Give the package to any person who comes to the door. ( everything will be clear nowEmotion: smile )
Regular Member882
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Speaking as a teacher, I get irritated when I see questions like this in an examination. I feel that it is a trick question. I hope it was not in an exam for those learning English as a Second language.

It is grammatically correct to say whomever but I doubt is one in a thousand would say it. Most people would say whoever.

There is an old joke passed around by teachers of grammar. Saint Peter in heaven heard a knock on the door. "Whose there?" he asked. "It is I," was the reply. "Heck!" said Saint Peter. "Another one of those damn grammar teachers."

Grammatically, it is correct to say, "It is I." But not one in a thousand says it. Most say, "It's me."
New Member28
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Being a native Greek speaker, I can always just translate a sentence into Greek in order to see what the correct case (where forms such as who/whom have to be chosen from), since in Greek all grammar cases are well in use and perfectly equivalent to the - sadly - now defunct English ones - even the 'It is I' clause makes perfect sense if translated to Greek (for Greek speakers anyway).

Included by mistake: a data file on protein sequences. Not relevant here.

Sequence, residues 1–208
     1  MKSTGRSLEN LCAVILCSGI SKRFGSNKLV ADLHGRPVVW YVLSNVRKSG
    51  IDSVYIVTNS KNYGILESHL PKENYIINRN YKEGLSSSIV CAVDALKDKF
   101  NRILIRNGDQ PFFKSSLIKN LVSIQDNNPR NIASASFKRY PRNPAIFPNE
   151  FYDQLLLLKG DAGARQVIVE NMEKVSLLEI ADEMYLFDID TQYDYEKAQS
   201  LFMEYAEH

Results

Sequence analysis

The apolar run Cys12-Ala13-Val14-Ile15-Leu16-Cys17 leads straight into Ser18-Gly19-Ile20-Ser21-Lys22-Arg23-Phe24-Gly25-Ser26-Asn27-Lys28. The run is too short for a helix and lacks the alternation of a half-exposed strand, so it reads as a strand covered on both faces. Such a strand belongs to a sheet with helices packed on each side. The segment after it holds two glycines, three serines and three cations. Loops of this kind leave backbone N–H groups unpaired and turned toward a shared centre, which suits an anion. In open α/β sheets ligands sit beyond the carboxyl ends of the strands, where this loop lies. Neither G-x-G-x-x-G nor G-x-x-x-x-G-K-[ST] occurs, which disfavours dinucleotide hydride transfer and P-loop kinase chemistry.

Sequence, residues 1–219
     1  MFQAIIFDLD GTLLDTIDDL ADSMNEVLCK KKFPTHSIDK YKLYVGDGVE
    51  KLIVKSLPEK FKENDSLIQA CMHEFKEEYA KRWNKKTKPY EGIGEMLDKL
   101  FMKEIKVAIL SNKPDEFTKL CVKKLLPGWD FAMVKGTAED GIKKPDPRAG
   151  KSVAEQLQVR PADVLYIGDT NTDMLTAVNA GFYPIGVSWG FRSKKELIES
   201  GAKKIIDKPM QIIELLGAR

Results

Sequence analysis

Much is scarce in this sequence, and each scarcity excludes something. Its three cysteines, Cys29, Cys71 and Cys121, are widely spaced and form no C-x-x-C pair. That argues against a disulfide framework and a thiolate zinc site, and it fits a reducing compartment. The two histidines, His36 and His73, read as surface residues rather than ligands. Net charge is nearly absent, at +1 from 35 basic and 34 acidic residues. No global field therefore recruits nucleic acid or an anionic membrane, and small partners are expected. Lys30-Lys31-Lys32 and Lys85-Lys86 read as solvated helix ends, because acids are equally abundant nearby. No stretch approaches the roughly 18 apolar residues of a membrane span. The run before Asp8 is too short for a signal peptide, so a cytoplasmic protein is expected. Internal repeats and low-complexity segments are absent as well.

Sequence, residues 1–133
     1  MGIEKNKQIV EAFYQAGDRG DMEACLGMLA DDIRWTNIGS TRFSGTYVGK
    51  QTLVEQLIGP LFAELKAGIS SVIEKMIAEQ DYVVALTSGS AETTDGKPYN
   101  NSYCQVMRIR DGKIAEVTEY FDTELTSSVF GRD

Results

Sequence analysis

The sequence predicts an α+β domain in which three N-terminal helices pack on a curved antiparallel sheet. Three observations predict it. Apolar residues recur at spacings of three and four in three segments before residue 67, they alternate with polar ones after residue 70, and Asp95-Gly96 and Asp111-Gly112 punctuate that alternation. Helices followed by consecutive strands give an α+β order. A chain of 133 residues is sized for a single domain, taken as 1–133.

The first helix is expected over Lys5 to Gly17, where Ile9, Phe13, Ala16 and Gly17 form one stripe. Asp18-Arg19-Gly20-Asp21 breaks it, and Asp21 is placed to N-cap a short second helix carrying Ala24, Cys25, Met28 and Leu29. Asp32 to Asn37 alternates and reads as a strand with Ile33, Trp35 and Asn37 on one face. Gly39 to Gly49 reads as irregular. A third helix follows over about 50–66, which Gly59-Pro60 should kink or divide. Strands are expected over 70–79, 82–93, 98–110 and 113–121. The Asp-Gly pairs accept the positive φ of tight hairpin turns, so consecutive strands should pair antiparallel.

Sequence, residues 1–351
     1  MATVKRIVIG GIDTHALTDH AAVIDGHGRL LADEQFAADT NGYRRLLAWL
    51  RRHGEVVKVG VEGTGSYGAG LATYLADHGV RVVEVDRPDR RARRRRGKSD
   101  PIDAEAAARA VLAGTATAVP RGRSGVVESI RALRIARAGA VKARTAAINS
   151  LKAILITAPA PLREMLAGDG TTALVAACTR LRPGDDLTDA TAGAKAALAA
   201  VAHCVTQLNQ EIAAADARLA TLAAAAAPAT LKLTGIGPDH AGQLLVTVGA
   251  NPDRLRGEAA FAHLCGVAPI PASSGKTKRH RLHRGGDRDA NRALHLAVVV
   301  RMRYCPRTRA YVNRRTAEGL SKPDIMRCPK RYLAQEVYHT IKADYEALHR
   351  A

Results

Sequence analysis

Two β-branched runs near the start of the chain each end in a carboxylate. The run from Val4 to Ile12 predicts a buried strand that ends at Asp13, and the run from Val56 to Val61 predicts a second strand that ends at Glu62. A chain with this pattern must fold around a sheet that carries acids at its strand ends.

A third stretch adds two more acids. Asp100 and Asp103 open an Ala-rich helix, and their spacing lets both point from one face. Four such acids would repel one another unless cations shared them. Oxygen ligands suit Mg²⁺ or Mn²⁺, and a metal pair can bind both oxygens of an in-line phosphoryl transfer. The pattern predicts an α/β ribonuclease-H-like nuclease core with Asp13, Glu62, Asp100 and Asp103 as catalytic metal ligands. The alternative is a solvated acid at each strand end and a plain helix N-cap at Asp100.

So, the answer to the above question is indeed to "Give this package to whomever comes to the door". Translating to Greek tells me that, but this also helps:
"Give it to him who comes to the door."
We wouldn't say "give it to he who comes...", would we?
New Member43
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Grammar teachers are passing around a joke that asks "Whose there?"?
New Member01
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Hear hear hear hear, advoca!!!

Just one small point. Using in object position is fully grammatical. is also as grammatical as . It's not so much an issue of grammar as it is a question of formality.

++++++++++++++++